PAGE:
See, it's tough being a girl. I don't know from experience, but I hear it enough and I've seen it enough to know it's true. When girls aren't dealing with f***boys, periods or having to do their hair and makeup routinely, they are being overly criticized by our society. I think society owes girls a break, and that break comes in the comfortable baggy t-shirt and shorts.

2. Southern Not-So-Comfort(able) weather.

Also, for all of the haters, maybe y'all haven't noticed that it's hotter than Satan's balls in the South! Tight, dressy outfits and pants constrict the body and cause you to sweat. I'd rather see a dry girl in a baggy t-shirt than a girl drenched in sweat trying to look cute with her outfit.

3. Perfect doesn't exist.

It's admirable when a girl can unapologetically be herself. A girl in an XL t-shirt and shorts is a girl that is saying "yes, I may have just rolled out of bed and brushed my hair, but I'm here dammit." Social media tells us we all have to be the dolled up, most "perfect" version of ourselves all the time, so it's nice to experience that reality check.

4. Guys think it's cute, regardless.

9 times out of 10, guys in college do not care what you're wearing. Trust me, we aren't doing much better. You could probably put on a garbage bag and we still think you're cute. Any guy that dates a girl that dates a girl only because she dresses nicely all of the time is a shallow man. You're cute, you're comfortable, and that makes for a much better vibe. We all win.

So, in the battle of dressing "nice" and dressing comfortable, I think that the girls who wear an XL t-shirt and shorts chalk up a win in my record book. No, I'm not bashing on girls who have a true sense of style and wear nice clothing... that's a great thing in itself! But, this is college and there are more important things to focus on besides what we're wearing.

Ladies, wear your srat uniform with pride. Some us think it's cute :)

*I want to thank the beautiful ladies at the University of Alabama for inspiring this article.*

Cover Image Credit: Pinterest

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Mariners Catcher Mike Marjama Puts Down His Glove To Join The National Eating Disorder Association

Mike Marjama is defying all stereotypes and speaking up for what he truly believes in.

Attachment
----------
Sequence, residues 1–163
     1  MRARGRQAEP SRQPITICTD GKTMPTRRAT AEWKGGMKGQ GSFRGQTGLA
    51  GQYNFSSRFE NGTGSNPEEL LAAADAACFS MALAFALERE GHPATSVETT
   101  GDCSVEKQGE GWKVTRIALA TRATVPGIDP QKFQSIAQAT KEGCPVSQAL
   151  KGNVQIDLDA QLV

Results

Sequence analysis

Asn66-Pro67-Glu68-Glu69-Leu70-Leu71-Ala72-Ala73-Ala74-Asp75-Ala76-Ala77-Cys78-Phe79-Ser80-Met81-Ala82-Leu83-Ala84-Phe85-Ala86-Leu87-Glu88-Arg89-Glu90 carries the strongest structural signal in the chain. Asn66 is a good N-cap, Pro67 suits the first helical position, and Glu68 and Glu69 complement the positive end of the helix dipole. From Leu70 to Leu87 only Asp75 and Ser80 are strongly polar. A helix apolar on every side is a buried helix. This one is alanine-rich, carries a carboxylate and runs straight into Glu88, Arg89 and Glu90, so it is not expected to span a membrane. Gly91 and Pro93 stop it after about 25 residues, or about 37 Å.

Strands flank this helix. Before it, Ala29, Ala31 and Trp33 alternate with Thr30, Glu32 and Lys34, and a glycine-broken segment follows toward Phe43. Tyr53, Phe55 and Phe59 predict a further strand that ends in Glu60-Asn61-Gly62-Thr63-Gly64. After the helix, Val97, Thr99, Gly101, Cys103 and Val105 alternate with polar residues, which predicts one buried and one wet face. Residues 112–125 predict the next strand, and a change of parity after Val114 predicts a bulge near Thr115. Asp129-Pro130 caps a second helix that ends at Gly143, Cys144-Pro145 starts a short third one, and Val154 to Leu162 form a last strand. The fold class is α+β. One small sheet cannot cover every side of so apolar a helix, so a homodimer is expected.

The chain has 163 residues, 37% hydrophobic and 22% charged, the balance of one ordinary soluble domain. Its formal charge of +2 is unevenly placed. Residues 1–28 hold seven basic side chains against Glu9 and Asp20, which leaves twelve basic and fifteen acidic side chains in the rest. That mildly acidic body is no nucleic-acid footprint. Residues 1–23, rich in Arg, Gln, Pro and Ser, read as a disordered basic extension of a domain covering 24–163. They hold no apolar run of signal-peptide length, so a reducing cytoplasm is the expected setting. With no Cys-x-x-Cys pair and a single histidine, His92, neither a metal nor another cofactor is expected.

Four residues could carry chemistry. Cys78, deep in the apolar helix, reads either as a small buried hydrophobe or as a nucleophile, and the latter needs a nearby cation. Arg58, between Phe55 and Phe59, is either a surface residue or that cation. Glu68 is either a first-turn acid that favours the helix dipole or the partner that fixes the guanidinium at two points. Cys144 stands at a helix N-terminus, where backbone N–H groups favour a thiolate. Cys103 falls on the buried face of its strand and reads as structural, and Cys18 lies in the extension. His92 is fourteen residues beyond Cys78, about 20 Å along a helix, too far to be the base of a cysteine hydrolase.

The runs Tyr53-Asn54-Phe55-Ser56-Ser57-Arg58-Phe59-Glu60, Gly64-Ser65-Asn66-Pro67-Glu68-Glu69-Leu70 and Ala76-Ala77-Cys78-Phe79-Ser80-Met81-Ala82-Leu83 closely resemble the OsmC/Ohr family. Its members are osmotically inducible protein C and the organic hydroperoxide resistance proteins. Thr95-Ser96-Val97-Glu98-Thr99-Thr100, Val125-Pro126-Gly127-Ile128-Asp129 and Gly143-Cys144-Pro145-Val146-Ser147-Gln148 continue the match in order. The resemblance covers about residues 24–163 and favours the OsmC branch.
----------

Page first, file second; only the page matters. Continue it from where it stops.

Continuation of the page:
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Mike Marjama's retirement announcement on Monday came as a shock to many, but he is pursuing much greater things now.

This past March, Mike Marjama publicly opened up about his struggles in high school with anorexia nervosa. As a wrestler, he was faced with abundant pressure to fit into a certain weight category. He was constantly having his body critiqued and compared to other individuals.

After sharing his struggles with the world, Mike Marjama received a plethora of positive feedback and support. So, he decided to work full-time with NEDA to help support individuals struggling just like he struggled.

There is an assumption in the world today that individuals with eating disorders are white, emaciated females. By speaking up, Mike Marjama is defying one of these stereotypes. He is showing that eating disorders do not have a "look" and that males can develop eating disorders, too.

Baseball has been Mike Marjama's life and he is stepping away from that to help support individuals with struggles similar to him. He is stepping away from a job paying him over $500,000 dollars a year in order to volunteer his time to work as a NEDA ambassador. Sports are a great past-time and passion, but Mike Marjama has decided at the young age of 28 to pursue something greater with his life.

I am simply in awe by the courage of this man.

The courage of this man to share his struggles.

The courage of this man to defy the stereotypes.

The courage of this man to aim for something better.

The courage of this man to serve God.

This man speaking out can result in the diagnosis and treatment of males with eating disorders worldwide. It can show men that having an eating disorder does not make them weak, but rather, admitting that they have one makes them strong.

As an individual who has suffered from anorexia nervosa, thank you, Mike Marjama.

Cover Image Credit:

@mike.marjama / Instagram